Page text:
|Doctrines|| ||The Hsuan-hsueh, or Mysterious Learning movement, was primarily concerned with the revival and reinterpretation of the two main Taoist philosophers, Lao-tzu and Chuang-tzu. It is therefore sometimes referred to as Neo-Taoism by today's scholars. Unlike its sources, however, the movement was not anti-Confucian per se, and indeed its two most eminent thinkers, Wang Pi and Kuo Hsiang, regarded Confucius, not Lao-tzu or Chuang-tzu, as the true Sage. These men in particular sought to move away from the apparent Taoist stress on withdrawal from the world, and develop a Taoist metaphysics and understanding of the Sage which would give support to the Confucian ideal of life in an ordered society. |
In his commentary on the Tao-te ching Wang Pi held that the multiplicity of phenomena arise from, and are sustained and governed by, pen-wu - non, or unmanifested, being. Only by transcending distinctions, and returning and identifying with this mysterious source, can the Sage understand and harmonise the manifested world, including society.
By contrast, in his commentary on the Chuang-tzu Kuo Hsiang argued that the universe has no source or Creator, rather it is self-producing and self governing according to its own li, or principle. Each individual thing shares in this principle in its own unique way, and harmony in the universe and society is achieved by each thing accepting and expressing its inner nature naturally, freely, and fully. The Sage is one who by liberating himself from personal preferences and limited human knowledge comes to know, merge with, and accept, all things as equal and necessary.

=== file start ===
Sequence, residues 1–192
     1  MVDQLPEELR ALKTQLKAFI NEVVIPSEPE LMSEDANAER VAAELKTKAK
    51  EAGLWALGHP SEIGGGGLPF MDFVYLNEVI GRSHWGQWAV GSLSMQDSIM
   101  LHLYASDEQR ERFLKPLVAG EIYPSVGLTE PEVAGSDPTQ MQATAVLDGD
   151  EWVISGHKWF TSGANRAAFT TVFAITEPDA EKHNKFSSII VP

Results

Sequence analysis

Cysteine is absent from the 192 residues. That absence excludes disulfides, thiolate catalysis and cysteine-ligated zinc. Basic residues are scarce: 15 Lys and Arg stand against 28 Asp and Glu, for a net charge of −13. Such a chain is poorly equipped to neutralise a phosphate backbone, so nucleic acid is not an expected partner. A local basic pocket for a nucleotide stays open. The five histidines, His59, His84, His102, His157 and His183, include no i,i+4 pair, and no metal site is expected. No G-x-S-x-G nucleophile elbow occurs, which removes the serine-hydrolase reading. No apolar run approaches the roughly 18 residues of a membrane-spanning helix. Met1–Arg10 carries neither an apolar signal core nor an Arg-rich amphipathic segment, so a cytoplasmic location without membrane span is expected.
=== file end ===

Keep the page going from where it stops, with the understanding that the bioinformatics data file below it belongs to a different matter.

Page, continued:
|History|| ||The Hsuan-hsueh movement arose around the time of the fall of the Later Han Dynasty (25-220 CE), and lasted for some two centuries. Partly as an escape from the troubled times, and partly as a reaction against the dry scholasticism that had come to characterise Confucian thought, a proportion of the educated elite turned to the works of the ancient Taoist philosophers and the I Ching, or Book of Changes. The escapist motive expressed itself most strongly in elements of that part of the movement called the Ch'ing-t'an or Light Conversation, the most prominent of which were the Seven Sages of the Bamboo Grove, a group famed for their care-free unconventional behaviour. However it was the Hsuan-hsueh proper, as represented in particular by the writings of Wang Pi (226-249), one of the founders of the movement, and Kuo Hsiang (d. 312), which was to prove the most significant.
Their commentaries on the Tao-te ching and the Chuang-tzu respectively, became the most influential written, while some of the terms and concepts they introduced were to inform much of later Chinese metaphysical thought. This influence began with the dialogue between Hsuan-hsueh thinkers and Chinese Buddhists in the third and fourth centuries, and when the movement started to fade toward the end of the Chin Dynasty (265-420) it was into the then emergent Chinese Buddhism that part of its spirit and energy passed. |
|Symbols|| ||The Hsuan-hsueh is not known to have used any symbols.|
|Adherents|| ||No contemporary adherents.|
| ||The movement was most strong in cities in southern China, for example in the capital of the Eastern Chin Dynasty (317-420), Chien-k'ang.|